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School Sports: Common Injuries and How To Avoid Them
By Yen Nguyen, DO, FAAP
Participating in school sports is generally a positive experience for children and teens. School-based sports programs can teach kids teamwork and social skills and bolster their self-esteem. Unfortunately, with any type of athletic activity, there’s always the potential for injury.
In the U.S., approximately 30 million kids and teens participate in school sports, and more than 3.5 million kids aged 14 and younger get hurt every year while participating. Most of these injuries occur during sports practice.
Common Sports Injuries
The injuries that kids and teens sustain during sports are often different than those sustained by adult athletes because younger athletes are still growing, and their muscles and bones are still forming. School sports injuries typically fall under one of two categories: acute or overuse.
Acute injuries are those that are caused by sudden trauma, such as:
- Sprains and strains
- Bone fractures
- ACL (anterior cruciate ligament) tears
Acute injuries most often happen during competitive team sports and contact sports, such as football, basketball, and soccer.
Overuse injuries happen over time when a part of the body repeats the same movement over and over again. Examples of this type of injury in younger athletes include:
- Jumper's knee - tenderness below the knee or in the upper shin
- Little Leaguer's elbow or shoulder - pain in the elbow or shoulder
- Shin splints - pain and tenderness over the shin area
- Spondylolisthesis/spondylosis - back pain caused by excessive extension of the lower back
Overuse injuries most often happen during activities that involve repetitive movements, such as baseball, track and field, tennis, swimming, cheerleading, and gymnastics.
Preventing Sports Injuries
While there's no way to completely prevent sports injuries, there are measures parents and kids can take to make injuries less likely.
- Be prepared. Your child's highest risk of sustaining an athletic injury is when they start a new sport. To lessen this risk, make sure your child is in good enough condition physically to participate in the sport they've chosen. Most schools require students to have a sports exam or annual physical before they participate in school sports. Even if your school doesn't require this, it's a good idea for your child to get a physical to ensure they're fit to participate.
- Start slowly. If your child is new to regular physical activity or if they're starting a new sport, they should start slowly, gradually increasing the duration, intensity, and frequency of the activity for proper conditioning. Encourage them to not push themselves to be a star athlete right out of the gate. It takes a lot of time and practice to excel at a sport.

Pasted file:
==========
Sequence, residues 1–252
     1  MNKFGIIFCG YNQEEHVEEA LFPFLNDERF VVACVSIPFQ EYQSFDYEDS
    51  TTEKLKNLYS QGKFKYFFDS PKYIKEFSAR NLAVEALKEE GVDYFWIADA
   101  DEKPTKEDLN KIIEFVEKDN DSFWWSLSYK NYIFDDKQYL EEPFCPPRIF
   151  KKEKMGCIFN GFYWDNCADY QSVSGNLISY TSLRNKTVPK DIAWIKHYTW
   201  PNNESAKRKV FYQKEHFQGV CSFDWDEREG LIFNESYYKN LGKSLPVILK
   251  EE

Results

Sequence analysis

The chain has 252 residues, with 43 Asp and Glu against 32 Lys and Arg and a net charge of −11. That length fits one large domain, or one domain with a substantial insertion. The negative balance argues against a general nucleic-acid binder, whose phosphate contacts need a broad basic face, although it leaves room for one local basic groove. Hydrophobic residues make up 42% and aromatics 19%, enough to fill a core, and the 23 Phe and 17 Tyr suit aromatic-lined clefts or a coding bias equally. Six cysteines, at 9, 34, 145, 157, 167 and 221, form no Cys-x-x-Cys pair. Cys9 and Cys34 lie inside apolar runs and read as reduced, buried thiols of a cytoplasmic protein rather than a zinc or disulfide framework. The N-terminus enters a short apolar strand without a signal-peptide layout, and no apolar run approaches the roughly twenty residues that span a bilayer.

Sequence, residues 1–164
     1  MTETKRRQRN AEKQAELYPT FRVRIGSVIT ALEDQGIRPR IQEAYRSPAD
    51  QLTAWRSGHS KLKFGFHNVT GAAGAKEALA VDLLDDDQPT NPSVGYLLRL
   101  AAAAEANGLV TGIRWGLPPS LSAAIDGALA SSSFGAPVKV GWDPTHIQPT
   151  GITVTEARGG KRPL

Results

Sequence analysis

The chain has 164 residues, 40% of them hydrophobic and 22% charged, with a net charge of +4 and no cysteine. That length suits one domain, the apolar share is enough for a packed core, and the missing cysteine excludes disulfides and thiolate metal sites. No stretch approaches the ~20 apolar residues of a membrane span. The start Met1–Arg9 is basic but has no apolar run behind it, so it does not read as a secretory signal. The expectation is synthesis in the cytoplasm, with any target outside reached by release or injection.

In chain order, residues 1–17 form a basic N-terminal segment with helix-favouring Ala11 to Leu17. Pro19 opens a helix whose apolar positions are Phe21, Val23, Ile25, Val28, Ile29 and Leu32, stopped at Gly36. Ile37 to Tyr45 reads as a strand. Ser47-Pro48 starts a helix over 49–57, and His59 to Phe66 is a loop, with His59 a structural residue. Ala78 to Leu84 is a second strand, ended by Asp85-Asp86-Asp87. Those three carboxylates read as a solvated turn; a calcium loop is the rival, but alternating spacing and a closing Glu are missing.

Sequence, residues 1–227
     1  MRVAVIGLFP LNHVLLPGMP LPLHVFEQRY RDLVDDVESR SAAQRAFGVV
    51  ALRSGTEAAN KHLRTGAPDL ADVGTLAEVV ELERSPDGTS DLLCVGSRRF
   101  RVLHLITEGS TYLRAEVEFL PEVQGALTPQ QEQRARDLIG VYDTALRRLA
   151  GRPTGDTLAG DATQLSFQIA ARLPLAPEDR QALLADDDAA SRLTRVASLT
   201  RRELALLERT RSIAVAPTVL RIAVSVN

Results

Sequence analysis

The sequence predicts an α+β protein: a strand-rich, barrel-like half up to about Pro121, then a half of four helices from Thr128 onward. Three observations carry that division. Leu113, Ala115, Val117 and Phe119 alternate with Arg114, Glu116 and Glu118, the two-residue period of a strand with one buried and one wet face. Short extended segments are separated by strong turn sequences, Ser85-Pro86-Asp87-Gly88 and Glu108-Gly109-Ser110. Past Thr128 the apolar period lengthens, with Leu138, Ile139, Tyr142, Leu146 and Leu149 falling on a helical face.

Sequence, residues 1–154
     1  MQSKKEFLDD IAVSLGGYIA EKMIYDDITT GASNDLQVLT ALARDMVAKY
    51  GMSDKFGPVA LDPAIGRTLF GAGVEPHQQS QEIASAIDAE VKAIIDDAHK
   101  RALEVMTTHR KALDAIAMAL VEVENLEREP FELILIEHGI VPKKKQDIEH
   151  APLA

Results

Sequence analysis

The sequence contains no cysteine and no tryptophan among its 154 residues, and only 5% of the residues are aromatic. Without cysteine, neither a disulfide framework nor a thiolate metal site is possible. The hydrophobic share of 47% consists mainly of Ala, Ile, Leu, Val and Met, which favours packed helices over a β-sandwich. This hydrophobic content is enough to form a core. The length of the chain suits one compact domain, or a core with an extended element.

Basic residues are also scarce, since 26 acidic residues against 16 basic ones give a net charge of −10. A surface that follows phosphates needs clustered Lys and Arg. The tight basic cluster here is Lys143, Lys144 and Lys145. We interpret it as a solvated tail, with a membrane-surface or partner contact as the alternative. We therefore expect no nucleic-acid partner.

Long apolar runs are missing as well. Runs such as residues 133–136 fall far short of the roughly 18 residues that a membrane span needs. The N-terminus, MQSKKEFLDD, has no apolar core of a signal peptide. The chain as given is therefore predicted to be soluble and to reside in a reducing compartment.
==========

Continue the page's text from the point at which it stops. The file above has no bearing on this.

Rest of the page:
- Don't rush. Muscles that aren't properly prepared tend to be injured more easily. Your child should warm up for about 10 - 20 minutes before any activity. You should encourage light cardiovascular activities, such as jogging or jumping jacks, and dynamic stretching, such as lunges or large arm circles.
- Know the rules and techniques. This is especially important for younger kids who are new to playing sports and may not yet understand that proper technique is crucial to preventing injury. When they're at home, review the rules and techniques they learned while at practice and teach them good sportsmanship to ensure that everyone has a fun and safe experience.
- Get in gear. Having the right equipment for a sport, from shoes to protective gear, is key to avoiding injury. If financially possible, it's best to not scrimp on safety equipment because it may break during play and lead to injury. Your child should also know how to properly wear and use the equipment.
- Rest up. Injuries are more likely to happen when your athlete is tired, so make sure they're getting an appropriate amount of sleep. Also, teach them to know their body's limits and to rest between practices and games so their body can recover.
- Stay hydrated. Make sure your child has easy access to water and/or sports drinks with electrolytes during sports practice and games. Endurance, strength, agility, and reaction time begin decreasing with as little as 2% dehydration, so staying hydrated reduces your child's risk of injury.
- Take breaks. Eating six small meals a day that are high in protein, fiber, and healthy fats can help keep your blood sugar steady and may help prevent migraine attacks. Drink plenty of water. If caffeine seems to help relieve your migraine (for some people, it's a trigger), be sure to drink a glass of water for every caffeinated beverage you drink. So, if you drink two cups of coffee a day, be sure to also add two cups of water during the day.
If your child experiences an injury while participating in school sports, make sure they're following all of the care instructions provided by their coach or trainer and that they don't return to play until their injury is completely healed. Returning too soon could result in further injury and delayed healing. If a fracture or concussion is suspected, or if your child's pain persists, see a doctor as soon as possible to get proper care and to rule out a more serious issue.